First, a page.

Formalist/ New Criticism

Ben, Kate, and Kristan
Also known as New Criticism, Formalism involves a close reading of the
text in a piece of writing
Formalists believe that all information that is essential to the
interpretation of a work must be found within the piece itself
There is no need to bring in outside information about the author’s life
They are not interested in the work’s affect on the reader
Spend much time analyzing the irony, imagery, paradox, and metaphors
of the literary work
Interested in setting, symbols, characters, and point of view incorporated
in the piece
A formalist basically would focus on literary devices of a piece of writing,
especially irony
New Criticism arose in opposition to biographical
or vaguely impressionistic approaches
 It sought to establish literary studies as a main
 Its desire to reveal “organic unity in complex
texts” (or the use of literary devices in all works
of writing) may be historically determined,
reflective of early 20th century critics seeking a
lost order or in conflict with an increasingly
fragmented society
 This
approach can be performed without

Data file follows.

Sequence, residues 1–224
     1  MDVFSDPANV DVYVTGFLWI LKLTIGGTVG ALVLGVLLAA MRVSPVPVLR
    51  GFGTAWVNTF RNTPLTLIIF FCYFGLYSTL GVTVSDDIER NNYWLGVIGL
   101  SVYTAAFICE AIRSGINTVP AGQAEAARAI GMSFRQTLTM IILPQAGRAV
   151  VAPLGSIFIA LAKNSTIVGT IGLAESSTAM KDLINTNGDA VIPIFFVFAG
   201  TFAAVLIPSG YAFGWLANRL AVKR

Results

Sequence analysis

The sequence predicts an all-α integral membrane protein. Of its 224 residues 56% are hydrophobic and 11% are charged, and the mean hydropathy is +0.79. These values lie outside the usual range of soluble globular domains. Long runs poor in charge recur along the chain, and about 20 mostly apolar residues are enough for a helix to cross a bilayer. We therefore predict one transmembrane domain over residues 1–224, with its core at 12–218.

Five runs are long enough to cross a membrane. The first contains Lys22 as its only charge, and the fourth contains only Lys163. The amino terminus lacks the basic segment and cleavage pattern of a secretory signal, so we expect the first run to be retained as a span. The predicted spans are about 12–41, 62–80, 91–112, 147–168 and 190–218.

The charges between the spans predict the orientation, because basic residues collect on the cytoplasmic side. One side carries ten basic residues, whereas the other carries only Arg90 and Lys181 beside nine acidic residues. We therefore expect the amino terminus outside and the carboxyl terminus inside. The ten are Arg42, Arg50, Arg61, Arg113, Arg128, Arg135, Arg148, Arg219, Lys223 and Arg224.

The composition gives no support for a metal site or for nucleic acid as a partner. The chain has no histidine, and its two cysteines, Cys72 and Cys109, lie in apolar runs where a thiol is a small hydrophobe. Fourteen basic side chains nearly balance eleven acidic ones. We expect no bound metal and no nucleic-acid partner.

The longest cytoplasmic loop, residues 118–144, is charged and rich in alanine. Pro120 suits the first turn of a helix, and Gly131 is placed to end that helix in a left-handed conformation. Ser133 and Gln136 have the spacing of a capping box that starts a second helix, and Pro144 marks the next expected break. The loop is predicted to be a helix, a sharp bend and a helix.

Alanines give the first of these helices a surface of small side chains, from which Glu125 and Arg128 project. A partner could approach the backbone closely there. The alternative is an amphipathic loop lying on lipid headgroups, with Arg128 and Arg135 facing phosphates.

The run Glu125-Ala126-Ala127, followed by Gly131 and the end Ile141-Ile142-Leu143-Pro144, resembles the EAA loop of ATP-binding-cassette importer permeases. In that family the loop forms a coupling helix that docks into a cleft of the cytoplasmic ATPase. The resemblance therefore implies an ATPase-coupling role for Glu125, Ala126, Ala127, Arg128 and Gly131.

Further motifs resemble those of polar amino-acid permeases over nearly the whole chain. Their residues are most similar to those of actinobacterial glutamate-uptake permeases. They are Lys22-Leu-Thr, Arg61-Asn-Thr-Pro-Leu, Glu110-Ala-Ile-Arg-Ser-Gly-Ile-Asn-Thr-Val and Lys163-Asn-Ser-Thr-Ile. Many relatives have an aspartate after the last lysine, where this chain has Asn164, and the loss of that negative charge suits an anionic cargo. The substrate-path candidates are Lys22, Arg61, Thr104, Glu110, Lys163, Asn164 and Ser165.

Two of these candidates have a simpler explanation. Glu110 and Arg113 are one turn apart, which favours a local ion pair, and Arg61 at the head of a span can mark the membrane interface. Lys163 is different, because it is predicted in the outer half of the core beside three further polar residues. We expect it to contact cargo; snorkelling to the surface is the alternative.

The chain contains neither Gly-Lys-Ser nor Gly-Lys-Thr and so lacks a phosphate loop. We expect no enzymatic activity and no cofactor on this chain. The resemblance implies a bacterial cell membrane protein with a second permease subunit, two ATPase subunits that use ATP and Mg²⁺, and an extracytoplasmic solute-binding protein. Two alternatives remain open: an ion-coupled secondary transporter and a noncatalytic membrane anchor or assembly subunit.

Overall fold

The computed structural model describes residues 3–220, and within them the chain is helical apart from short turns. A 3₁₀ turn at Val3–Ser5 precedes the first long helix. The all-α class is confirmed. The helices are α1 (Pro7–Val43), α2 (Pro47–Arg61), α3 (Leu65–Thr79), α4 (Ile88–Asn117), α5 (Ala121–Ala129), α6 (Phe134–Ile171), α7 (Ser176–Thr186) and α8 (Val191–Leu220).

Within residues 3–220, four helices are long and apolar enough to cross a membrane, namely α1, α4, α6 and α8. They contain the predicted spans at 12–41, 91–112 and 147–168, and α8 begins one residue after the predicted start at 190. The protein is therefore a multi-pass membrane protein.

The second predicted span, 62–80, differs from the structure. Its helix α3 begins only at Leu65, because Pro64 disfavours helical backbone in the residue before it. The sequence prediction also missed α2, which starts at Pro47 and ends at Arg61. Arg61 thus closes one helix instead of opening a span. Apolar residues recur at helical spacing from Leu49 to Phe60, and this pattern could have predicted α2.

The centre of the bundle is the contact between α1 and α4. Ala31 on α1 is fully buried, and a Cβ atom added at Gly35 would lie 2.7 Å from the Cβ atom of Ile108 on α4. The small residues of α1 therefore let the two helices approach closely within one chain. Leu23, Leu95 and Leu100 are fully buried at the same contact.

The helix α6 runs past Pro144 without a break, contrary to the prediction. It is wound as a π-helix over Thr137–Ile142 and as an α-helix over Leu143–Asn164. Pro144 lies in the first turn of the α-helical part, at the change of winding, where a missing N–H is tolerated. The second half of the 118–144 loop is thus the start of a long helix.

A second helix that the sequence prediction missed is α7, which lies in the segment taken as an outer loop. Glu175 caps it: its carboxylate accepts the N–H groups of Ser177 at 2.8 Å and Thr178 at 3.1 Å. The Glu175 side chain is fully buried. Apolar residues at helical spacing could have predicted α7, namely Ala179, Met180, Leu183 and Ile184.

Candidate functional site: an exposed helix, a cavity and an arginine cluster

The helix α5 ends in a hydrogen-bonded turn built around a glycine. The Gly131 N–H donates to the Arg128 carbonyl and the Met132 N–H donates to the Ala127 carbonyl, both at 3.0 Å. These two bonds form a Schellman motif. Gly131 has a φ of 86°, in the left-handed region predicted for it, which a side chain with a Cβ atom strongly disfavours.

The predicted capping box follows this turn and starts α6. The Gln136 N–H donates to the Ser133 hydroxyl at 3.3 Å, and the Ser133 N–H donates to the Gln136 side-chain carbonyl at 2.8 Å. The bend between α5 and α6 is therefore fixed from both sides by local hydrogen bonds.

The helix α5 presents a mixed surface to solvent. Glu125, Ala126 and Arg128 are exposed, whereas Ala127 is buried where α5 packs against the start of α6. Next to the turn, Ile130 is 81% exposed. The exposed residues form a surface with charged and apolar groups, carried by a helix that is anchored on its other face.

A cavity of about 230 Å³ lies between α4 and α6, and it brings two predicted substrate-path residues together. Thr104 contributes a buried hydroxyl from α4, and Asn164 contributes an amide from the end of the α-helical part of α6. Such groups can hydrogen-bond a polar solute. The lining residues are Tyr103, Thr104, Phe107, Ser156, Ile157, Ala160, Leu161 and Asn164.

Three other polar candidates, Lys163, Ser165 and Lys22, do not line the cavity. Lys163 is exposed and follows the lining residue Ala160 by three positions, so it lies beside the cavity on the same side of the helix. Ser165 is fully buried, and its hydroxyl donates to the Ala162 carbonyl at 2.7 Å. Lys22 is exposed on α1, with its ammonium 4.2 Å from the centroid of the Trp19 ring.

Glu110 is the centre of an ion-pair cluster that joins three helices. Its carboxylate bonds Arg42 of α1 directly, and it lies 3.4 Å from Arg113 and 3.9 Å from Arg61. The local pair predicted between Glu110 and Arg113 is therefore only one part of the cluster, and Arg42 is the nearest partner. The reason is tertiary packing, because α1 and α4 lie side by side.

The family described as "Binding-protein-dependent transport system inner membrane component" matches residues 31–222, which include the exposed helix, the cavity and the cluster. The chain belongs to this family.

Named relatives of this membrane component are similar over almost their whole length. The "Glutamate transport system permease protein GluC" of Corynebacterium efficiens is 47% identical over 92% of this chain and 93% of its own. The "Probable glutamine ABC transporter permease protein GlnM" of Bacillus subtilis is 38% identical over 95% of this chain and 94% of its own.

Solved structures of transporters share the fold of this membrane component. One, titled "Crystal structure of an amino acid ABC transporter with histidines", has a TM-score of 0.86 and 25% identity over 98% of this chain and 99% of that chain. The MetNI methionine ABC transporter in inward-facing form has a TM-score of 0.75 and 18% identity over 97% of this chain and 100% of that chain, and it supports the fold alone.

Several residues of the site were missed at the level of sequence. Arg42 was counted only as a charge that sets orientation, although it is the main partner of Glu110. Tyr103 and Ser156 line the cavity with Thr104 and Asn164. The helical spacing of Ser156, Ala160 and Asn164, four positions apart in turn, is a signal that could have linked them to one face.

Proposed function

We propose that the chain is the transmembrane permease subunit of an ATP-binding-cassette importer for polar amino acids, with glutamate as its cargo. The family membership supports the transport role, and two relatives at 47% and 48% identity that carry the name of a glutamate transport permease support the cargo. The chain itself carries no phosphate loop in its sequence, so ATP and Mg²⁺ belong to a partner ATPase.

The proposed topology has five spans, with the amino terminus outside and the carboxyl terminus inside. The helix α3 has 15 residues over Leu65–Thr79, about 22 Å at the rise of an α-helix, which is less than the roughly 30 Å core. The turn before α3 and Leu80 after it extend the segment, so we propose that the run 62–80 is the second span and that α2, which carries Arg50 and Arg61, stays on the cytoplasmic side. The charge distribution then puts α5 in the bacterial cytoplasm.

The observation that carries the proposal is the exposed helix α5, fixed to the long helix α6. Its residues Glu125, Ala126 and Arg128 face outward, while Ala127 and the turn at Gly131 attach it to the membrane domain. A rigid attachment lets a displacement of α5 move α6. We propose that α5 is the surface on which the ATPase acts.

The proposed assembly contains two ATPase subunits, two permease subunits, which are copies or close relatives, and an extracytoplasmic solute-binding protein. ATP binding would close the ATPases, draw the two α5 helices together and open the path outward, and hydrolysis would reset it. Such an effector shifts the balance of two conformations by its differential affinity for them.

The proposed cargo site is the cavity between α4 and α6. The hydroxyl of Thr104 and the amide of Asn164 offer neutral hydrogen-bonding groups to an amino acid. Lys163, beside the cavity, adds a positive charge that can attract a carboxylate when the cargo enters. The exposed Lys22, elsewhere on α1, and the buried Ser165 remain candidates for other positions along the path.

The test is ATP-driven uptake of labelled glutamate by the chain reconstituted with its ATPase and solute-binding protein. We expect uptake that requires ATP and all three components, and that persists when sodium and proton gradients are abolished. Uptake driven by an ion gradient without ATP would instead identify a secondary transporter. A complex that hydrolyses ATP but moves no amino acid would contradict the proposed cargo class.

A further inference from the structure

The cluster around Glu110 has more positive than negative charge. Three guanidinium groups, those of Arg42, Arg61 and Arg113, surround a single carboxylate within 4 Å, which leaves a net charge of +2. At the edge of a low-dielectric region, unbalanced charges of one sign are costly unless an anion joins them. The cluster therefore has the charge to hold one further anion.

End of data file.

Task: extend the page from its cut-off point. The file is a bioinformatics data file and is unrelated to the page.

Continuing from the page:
much research
 It emphasizes the value of literature
apart from its context (in effect makes
literature timeless)
 Virtually all critical approaches must
begin here; it is the origin of criticism
 When
using formalism, the text is seen in
 Formalism ignores the context of the
work; it focuses only on literary devices
 It cannot account for allusions
 It tends to reduce literature to a science;
and the style and emotion is broken down
and ignored
 The
narrator is the son in the poem, and he
is telling a story of his father and his love of
 The fig tree in the story is a motif; it is a
reoccurring figure throughout the piece
 The father refers to the figs as a holy gift of
Allah; symbolism
 The story takes places at various homes, and
the fig tree is at every house, if not literally
it is metophorical

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